Recently Sigel’s sent out their annual announcement of Bordeaux wine futures. This is the season for these to be offered so it’s a good time to have a discussion about them. First, wine futures, as they are called, are a contract under which you pay in full now for delivery of specified Bordeaux wines in 2013. The exact date depends on when the wines are released by the château and shipped. However, right now all the wines being offered are from the good, but not great, 2011 vintage. The reason why you might want to pay for wine two years in advance is to get a better price. However, there are some things to you need to know.1 Comment »
At TexSom, the international wine conference going on today at the Four Seasons Resort and Club in Irving, we just tasted a stunning flight of wines from New Zealand. One of the most interesting things about the selection made by Cameron Douglas, MS and co-presenter Andrew McNamara, MS was the range of grape varieties. New Zealand Sauvignon Blancs is a big seller in Dallas, and the country’s Chardonnay is picking up as well, but this tasting also included Pinot Noir, Syrah, Merlot, Malbec, Pinot Gris, and Riesling from the land of the Kiwis.
A 2010 Greywacke ‘Wild’ Sauvignon Blanc ($30) from the Marlborough area is flying off local shelves. It is a classic New Zealand Sauvignon Blanc with bright acidity and a herbaceous nose. This label is one to watch. Owner Kevin Judd was the winemaker who put Cloudy Bay on the map. The 2009 Villa Maria “Taylor’s Pass Vineyard” Chardonnay, also from Marlborough ($18), was partly (17%) aged in new French oak. It showed in the taste but not in a negative sense. As they say in the industry, the oak was well integrated into the wine. This wine also came across as soft and voluptuous in the mouth by virtue of having been through a secondary fermentation, malolactic fermentation a process that converts malic acid (the acid found in green apples) to softer lactic acid.
Andrew Chalk filed this report yesterday.
It is 9:30am on Sunday morning so I am doing what any rational person would be doing: tasting wine from Bordeaux. The French wine region, in many people’s opinion the most prestigious wine region in the world, produces wines that cost from a few dollars up to over $1,500 a bottle. At Texsom, the annual international wine conference held at The Four Seasons Resort and Club in Irving, I am sitting in room filled with wine experts and listening to two Master Sommeliers as they take us through a tasting of eight wines chosen as good examples of middle price range ($20-$100) wine. The quality of the wines was high but I would like to report one of those wines that absolutely blew me away for its likability.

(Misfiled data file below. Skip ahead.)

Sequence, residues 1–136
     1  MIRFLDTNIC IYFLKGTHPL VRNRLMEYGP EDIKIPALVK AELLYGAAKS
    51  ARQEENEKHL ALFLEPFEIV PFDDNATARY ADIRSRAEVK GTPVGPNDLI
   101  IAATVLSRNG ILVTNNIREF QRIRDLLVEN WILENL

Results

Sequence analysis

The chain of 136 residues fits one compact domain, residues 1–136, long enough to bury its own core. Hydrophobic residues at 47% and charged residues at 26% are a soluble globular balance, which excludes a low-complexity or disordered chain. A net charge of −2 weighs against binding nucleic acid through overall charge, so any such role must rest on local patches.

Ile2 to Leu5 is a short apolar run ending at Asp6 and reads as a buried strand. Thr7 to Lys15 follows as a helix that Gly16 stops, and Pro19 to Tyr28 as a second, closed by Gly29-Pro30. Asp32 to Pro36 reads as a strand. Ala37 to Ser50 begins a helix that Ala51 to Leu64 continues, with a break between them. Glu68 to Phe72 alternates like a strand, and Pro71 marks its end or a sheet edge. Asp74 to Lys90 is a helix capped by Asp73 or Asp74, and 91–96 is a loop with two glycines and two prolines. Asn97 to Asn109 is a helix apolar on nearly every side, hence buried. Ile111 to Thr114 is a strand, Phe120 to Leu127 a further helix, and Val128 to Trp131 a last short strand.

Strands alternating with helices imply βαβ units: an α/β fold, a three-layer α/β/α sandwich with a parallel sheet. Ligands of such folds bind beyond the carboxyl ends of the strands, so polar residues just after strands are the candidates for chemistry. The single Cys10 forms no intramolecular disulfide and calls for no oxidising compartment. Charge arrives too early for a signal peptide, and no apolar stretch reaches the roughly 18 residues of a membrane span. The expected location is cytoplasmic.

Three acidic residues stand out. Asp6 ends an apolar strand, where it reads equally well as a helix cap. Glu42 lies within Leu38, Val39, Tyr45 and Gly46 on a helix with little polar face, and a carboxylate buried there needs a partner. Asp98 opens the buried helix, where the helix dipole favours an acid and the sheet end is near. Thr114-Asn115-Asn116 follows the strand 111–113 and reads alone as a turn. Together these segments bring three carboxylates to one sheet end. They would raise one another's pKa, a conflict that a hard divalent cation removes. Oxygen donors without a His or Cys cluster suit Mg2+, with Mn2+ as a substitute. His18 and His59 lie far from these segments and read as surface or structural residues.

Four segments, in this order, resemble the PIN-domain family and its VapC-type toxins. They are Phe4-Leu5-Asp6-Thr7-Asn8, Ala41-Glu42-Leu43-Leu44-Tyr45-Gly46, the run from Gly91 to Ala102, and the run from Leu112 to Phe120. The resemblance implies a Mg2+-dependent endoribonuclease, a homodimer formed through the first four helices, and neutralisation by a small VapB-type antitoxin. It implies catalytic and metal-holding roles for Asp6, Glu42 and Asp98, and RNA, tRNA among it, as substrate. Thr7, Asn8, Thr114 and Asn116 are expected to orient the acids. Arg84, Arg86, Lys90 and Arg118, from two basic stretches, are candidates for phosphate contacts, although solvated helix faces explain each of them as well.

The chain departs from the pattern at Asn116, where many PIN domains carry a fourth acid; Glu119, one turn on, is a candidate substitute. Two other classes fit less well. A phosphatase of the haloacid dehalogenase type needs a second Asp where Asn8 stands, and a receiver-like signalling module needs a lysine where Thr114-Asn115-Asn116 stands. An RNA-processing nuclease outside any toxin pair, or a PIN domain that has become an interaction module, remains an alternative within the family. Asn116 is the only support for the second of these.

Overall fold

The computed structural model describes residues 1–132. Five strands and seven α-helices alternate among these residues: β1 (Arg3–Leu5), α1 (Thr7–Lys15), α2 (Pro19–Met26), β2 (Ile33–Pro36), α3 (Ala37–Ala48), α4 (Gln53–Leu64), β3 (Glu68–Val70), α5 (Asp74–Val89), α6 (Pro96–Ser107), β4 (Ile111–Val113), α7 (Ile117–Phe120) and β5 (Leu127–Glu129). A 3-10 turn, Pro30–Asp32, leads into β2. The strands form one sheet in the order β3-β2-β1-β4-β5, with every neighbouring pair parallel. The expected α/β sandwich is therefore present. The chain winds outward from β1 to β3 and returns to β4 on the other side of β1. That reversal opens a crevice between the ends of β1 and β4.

Jump for the joy from Bordeaux. Continue reading "Report From TexSom 2012: A Star From Bordeaux"1 Comment »
Yesterday I attended TexSom, the international wine conference held at The Four Seasons Resort and Club in Irving. At lunch I was seated at the same table with a woman named Lindsay (last name redacted) who runs a restaurant in Austin. She tells our table that buying local is critical in Austin. “Chains just don’t survive,” she said referring to restaurants. I asked her whether the same spirit translated into consumer wine choices. After all, Austin is in the center of the Hill Country AVA (American Viticultural Area). “They don’t give a sh*t,” she shot back. Austin is weird. They love their local food movement, but apparently their aren’t many “vine huggers” in the area. Dees this mean Texas wine is lacking some credibility?
Oh you must go below to know. Continue reading "Report From TexSom 2012: “For Sale In Texas Only” Label on Wine Bottles Misleads Consumers"7 Comments »
I am at The Four Seasons Resort and Club in Irving attending a day of pre-program events centered around TexSom. TexSom is the best DFW-area wine conference of the year. TexSom Conference and the Texas’ Best Sommelier Competition were founded by James Tidwell MS, CWE, Beverage Manager at the Four Seasons Resort and Club in La Colinas; Drew Hendricks MS, CWE, Director of Beverage Education for Pappas Restaurants in Houston; and Guy Stout MS, CWE, with Glazer’s Distributors.
Next to me is a guy who works in wine retail who has come in all the way from Sylmar, California. On the stage is a speaker from New Zealand and two others from New York. The latter pair are with the Culinary Institute of America, so they are expert teachers as well as knowing their subject matter. Continue reading "TexSom Conference Kicks Off at Four Seasons Resort and Club in La Colinas"1 Comment »
We are about to be beset by restaurants, promoters, and the more credulous sections of the media bombarding us with the message that it is “Hatch Chile Time.” I hate to burst the bubble, but there is no such thing as a “Hatch Chile.” Sure, there are chilies from Hatch, New Mexico, and they host the famous festival, but the product they export is just a chilies, not Hatch chile pepper. Dave DeWitt explains it all very well in his “The Complete Chile Pepper Book.”